2. Sexual immorality, or other translations of the Greek word porneia. Closely tied to marriage in the evangelical glossary, sex is apparently only ‘biblical’ and okay when between one man and one woman in a married relationship. Therefore sexual immorality must refer to any other kind of sex outside of those terms. Rather inconveniently though, neither that definition, nor any other, is ever mentioned in the Bible. Again, within the narrative, we have plenty of examples of immoral sex. Incest, adultery which leads to murder, and gang rape all feature in stories and get at least a passing frown of disapproval from the author in one way or another. But nowhere are the boundaries of sexual immorality defined.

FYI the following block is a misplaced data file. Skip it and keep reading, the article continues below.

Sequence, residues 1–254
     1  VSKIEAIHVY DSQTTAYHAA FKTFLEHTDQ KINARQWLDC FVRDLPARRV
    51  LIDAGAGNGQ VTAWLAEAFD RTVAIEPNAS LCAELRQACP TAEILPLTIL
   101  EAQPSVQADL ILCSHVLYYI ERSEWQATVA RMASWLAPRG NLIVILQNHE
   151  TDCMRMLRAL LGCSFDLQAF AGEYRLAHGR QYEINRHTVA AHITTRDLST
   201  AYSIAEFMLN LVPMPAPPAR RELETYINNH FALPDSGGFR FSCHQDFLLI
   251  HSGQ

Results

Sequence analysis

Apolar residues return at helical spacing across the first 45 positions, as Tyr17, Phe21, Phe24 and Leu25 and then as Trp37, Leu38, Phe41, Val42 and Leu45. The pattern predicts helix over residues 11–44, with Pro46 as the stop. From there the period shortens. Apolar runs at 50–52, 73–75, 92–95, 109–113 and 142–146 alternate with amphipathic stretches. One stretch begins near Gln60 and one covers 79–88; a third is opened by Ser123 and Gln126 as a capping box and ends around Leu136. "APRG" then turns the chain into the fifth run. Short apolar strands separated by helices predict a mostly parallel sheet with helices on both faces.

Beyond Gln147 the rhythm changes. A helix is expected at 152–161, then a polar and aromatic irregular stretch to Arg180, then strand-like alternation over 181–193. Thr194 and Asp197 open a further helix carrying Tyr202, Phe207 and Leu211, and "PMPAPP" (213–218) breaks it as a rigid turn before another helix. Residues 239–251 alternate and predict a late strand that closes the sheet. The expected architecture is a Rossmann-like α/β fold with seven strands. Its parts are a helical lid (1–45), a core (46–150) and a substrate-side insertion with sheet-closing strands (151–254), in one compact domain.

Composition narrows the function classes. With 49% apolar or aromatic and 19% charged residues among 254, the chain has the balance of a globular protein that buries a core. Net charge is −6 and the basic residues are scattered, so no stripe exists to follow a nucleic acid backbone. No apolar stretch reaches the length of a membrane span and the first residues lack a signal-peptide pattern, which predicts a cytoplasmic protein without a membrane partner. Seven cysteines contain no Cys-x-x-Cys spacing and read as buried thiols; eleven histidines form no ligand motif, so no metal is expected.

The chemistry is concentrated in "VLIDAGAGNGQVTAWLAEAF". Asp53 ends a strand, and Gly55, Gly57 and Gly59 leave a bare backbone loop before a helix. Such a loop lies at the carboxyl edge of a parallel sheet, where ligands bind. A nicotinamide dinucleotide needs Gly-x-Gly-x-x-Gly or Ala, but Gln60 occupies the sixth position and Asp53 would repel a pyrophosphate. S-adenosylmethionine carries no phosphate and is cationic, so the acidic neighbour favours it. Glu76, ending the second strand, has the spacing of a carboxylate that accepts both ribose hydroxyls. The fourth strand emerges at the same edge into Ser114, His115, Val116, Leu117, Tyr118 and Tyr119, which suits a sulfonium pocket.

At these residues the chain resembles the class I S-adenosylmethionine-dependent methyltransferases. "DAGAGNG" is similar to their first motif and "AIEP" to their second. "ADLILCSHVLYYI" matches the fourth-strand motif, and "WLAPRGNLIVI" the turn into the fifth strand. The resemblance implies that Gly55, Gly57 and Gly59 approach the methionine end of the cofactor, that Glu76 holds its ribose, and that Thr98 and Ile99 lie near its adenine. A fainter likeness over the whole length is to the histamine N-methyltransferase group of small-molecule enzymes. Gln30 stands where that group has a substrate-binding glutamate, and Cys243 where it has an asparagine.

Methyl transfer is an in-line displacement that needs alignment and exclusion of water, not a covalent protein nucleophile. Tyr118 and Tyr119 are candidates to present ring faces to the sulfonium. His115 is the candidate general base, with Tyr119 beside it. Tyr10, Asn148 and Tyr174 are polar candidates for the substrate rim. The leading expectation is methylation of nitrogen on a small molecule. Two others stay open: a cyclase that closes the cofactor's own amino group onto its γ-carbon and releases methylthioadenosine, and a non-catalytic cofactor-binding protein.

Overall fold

3. God’s word. Aside from sex and relationships, there’s also the issue of the lack of definition that the Bible gives for itself. ‘The word of God is living and active’ is an often-quoted description, as is ‘All Scripture is God-breathed and useful…’. But nowhere are we told exactly what counts as Scripture (or what we’re to make of those troublesome books that some of us quietly ditched in the 16th century) or given a definition of it as ‘inerrant’ or ‘infallible’. A bigger spanner in the works is the fact that logos is just as likely to be used for a particular message from God, or his general communication, or the Greek concept of God’s reason and thought, or most significantly, for Jesus. We do the term a great disservice when we confine it to meaning those 66 books.

Those are just three of the most obvious. What other concepts do we imagine to be clearly defined by the Bible when in fact they’re clearly not?

For me, there are so many wider questions about the limitations of language to communicate precisely, because whatever definitions we do use can only be given in more undefined words. The more I think about it the more my head begins to hurt.